Feb21
0

sodium lignosulfonate as dispersant of coal water slurry

Blog Share this post

In order to use lignosulfonates (a by-product of pulp and paper processes) as an effective dispersant of coal water slurry five purified sodium lignosulfonate (SL) samples with different molecular weights were prepared by fractionation using ultrafiltration and dialysis.

The effect of SL on the apparent viscosity of coal water slurry (CWS) was investigated. The adsorption behavior of the SL on the coal water interface has much greater effect on the viscosity of coal water slurry.

The higher adsorption amount and compact adsorption film of SL on the coal surface help reduce the viscosity of CWS, and the zeta potential is also an important factor, which is influenced by the sulfonic and carboxyl group contents of the lignosulfonate molecule. Furthermore, the SL with its molecular weight ranging from 10,000 to 30,000 has both a higher adsorbed amount and zeta potential on the coal surface and the best effect on reducing the viscosity of the coal water slurry.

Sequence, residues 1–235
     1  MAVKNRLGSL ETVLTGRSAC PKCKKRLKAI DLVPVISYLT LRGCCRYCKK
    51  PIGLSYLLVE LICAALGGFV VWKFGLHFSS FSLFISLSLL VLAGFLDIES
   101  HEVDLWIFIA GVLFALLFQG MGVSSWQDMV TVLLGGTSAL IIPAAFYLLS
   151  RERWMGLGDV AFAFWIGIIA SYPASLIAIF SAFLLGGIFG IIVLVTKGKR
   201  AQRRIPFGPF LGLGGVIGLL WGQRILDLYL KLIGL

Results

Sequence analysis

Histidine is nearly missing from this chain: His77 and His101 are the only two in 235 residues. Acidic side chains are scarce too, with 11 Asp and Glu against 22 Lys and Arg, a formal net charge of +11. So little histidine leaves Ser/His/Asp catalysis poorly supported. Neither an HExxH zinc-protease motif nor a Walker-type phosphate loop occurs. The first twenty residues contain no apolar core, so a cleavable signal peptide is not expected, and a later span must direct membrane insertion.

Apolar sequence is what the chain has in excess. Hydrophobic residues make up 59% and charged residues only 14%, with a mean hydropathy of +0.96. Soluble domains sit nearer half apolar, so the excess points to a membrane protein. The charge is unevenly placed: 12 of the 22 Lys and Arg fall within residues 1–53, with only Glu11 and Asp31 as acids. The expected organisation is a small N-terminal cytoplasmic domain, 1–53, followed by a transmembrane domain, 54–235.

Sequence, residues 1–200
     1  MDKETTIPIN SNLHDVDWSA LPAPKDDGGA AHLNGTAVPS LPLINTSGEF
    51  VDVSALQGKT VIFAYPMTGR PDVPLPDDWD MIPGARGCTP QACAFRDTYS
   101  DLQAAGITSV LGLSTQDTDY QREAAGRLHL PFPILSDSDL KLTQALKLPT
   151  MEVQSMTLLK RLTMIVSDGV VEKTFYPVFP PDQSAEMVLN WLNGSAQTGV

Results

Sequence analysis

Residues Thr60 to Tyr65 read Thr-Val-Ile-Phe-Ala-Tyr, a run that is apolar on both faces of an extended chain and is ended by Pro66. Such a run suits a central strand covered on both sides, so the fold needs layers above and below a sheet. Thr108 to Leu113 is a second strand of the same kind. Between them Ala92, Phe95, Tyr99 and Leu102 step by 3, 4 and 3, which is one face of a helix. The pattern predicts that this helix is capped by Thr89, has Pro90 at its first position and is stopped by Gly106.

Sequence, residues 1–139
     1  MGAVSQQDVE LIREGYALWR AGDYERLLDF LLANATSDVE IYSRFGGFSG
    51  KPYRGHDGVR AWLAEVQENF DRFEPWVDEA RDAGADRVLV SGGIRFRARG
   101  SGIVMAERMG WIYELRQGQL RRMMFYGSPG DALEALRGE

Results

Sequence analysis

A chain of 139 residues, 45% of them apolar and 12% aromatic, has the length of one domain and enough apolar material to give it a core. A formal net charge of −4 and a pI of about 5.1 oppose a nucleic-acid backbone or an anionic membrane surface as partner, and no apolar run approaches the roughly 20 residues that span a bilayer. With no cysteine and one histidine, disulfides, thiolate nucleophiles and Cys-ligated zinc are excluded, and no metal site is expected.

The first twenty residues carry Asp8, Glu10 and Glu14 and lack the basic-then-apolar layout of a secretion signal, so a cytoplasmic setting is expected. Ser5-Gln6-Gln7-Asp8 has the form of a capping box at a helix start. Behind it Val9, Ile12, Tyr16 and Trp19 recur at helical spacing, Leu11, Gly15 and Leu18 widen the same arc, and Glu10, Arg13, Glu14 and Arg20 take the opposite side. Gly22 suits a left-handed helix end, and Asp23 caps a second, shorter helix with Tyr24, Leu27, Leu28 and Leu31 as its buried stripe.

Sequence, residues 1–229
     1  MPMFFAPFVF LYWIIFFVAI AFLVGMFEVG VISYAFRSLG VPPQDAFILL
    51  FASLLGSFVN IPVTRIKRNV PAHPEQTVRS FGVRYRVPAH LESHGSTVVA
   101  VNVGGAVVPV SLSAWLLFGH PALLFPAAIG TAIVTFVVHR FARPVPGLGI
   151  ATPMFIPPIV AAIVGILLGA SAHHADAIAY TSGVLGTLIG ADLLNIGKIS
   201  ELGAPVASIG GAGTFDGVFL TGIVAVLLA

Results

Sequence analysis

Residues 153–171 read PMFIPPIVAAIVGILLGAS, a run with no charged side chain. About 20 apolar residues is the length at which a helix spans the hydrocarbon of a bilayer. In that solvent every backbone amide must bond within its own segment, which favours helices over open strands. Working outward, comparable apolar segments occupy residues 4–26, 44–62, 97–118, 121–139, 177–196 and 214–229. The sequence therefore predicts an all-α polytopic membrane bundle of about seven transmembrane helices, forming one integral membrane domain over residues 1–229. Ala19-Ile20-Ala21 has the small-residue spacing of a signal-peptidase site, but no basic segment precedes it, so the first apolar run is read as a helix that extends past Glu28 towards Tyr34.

Interconnected hierarchical porous carbon was successfully prepared by direct carbonization of industrial waste sodium lignosulfonate without additional templating and activation agents. The as-prepared carbon sample shows a moderate specific surface area of 903 m2 g−1 and high contents of 8.11 at% oxygen and 1.76 at% nitrogen, which could improve the electrolyte-affinitive surface area in an aqueous electrolyte. When used as electrode materials for symmetric supercapacitors in 7 M KOH electrolytes, the as-synthesized carbon sample exhibits a significantly high gravimetric capacitance of 247 F g−1, a volumetric capacitance of 240 F cm−3, and an areal capacitance of 27.4 μF cm−2 at a current density of 0.05 A g−1. Moreover, a superior energy density of 8.4 W h L−1 (at 13.9 W L−1) and a power density of 5573.1 W L−1 (at 3.5 W h L−1), as well as a remarkable cycling stability after 20 000 cycles at two different current densities were achieved for the assembled supercapacitors.

About the Author

Comments are closed.